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PiTime

sudo /bin/date MMddHHmmyy.ss


This post is about the one line command above and a proof that one can implement it in more than 500 lines of Java code!

Jokes aside, PiTime is an Android application that updates the time (more precisely the date) on the Raspberry Pi, using the phone as time reference.

There are situations when one needs the correct time on the Pi but there is no Internet connection. One use case is when doing timelapse photography with a headless Pi. If the timelapse movie needs to have a running timestamp in the corner then CreateDate in photo's Exif needs to be correct.



There are a number of ways to set the time:
  1. Connect to the Pi with any ssh client and set the date manually
  2. Use a hardware clock, e.g. Adafruit DS1307
  3. Connect the Pi to the Internet (via an USB tethered mobile phone for example) and force time sync on the Pi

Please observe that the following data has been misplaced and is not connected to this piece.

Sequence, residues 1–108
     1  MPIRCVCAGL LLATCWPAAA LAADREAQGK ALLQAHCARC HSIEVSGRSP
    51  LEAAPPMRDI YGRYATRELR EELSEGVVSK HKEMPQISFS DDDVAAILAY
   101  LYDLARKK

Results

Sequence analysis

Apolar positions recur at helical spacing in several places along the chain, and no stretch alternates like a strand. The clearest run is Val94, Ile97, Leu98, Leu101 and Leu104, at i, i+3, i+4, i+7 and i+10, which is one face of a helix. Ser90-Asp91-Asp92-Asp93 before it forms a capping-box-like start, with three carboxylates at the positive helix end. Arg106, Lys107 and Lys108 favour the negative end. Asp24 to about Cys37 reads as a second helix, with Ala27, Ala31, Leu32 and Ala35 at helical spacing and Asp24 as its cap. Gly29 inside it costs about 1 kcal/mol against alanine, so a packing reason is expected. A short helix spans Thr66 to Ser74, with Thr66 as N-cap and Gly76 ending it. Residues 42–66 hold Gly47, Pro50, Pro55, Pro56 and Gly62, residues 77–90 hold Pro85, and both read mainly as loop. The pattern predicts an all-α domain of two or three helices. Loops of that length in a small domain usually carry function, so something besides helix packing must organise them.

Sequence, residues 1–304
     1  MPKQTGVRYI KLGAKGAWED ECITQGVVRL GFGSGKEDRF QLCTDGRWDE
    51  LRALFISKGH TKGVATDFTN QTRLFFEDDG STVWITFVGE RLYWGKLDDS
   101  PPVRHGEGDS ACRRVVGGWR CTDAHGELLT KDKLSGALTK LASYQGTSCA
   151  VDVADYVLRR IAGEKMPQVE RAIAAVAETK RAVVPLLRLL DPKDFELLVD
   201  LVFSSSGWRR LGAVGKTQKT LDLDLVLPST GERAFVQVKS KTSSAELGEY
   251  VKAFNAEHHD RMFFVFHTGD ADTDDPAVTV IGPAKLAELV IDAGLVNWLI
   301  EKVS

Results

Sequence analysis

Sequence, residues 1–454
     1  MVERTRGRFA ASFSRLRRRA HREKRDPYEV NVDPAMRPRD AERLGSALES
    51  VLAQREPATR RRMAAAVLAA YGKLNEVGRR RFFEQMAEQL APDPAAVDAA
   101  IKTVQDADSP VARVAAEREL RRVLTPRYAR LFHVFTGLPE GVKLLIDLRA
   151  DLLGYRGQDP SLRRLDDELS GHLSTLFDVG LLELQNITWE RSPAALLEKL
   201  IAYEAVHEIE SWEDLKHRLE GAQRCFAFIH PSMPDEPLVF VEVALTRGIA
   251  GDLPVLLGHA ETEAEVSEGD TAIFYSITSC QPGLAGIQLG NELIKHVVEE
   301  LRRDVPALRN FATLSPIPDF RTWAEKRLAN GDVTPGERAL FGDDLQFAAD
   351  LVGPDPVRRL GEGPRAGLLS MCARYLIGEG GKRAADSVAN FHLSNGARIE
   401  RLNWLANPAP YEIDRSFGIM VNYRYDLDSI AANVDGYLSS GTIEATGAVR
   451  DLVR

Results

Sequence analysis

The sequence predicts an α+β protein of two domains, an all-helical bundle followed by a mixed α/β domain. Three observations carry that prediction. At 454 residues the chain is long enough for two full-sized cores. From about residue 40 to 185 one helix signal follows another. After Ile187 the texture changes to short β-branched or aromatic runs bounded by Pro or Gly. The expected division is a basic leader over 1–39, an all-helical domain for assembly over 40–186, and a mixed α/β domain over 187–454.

With 1) one needs to simply type the date command above, but setting the time with accuracy is not easy. A hardware clock (2) seems ideal but one still needs to change the time when moving to a different timezone. Option 3) is the one I used so far: connect to the Pi with USB tethering, enable data roaming on the phone, set a route in the Pi to "see" the Internet, force time sync.

Under the hood PiTime sends just the above one line command to the Pi! In the contest "the-most-powerful-one-liner" PiTime would battle well for the last places. It was written as a way to refresh Java coding skills and come back to Android development. 

PiTime fills a real need though. I was using method 3) so far, enabling roaming on the phone and setting a route to let the Pi reach the NTP servers. Roaming for one day is £1.99 on O2 network, so PiTime saves you money for at least one coffee.

A big thanks to JSch authors (the Java SSH library), which is used to connect to the Pi.

The application is already mature enough, no big plans for he future, maybe adding Pi shutdown and reboot functionality. Timezone needs to be set as well. Incorrect timezone is no real showstopper though as Exif doesn't have a timezone field.

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